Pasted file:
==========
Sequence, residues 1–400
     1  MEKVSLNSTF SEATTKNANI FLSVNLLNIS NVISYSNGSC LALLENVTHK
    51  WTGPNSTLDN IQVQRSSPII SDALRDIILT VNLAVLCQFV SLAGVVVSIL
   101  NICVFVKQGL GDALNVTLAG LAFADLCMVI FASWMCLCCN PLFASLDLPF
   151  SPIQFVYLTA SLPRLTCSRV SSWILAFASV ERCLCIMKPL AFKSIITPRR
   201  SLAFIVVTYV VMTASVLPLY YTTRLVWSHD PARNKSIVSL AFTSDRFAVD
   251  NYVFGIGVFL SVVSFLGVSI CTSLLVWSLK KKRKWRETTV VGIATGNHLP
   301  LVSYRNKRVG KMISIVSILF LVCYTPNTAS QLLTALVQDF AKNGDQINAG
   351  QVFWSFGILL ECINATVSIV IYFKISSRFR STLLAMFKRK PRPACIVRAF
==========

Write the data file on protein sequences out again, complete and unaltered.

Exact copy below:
Sequence, residues 1–400
     1  MEKVSLNSTF SEATTKNANI FLSVNLLNIS NVISYSNGSC LALLENVTHK
    51  WTGPNSTLDN IQVQRSSPII SDALRDIILT VNLAVLCQFV SLAGVVVSIL
   101  NICVFVKQGL GDALNVTLAG LAFADLCMVI FASWMCLCCN PLFASLDLPF
   151  SPIQFVYLTA SLPRLTCSRV SSWILAFASV ERCLCIMKPL AFKSIITPRR
   201  SLAFIVVTYV VMTASVLPLY YTTRLVWSHD PARNKSIVSL AFTSDRFAVD
   251  NYVFGIGVFL SVVSFLGVSI CTSLLVWSLK KKRKWRETTV VGIATGNHLP
   301  LVSYRNKRVG KMISIVSILF LVCYTPNTAS QLLTALVQDF AKNGDQINAG
   351  QVFWSFGILL ECINATVSIV IYFKISSRFR STLLAMFKRK PRPACIVRAF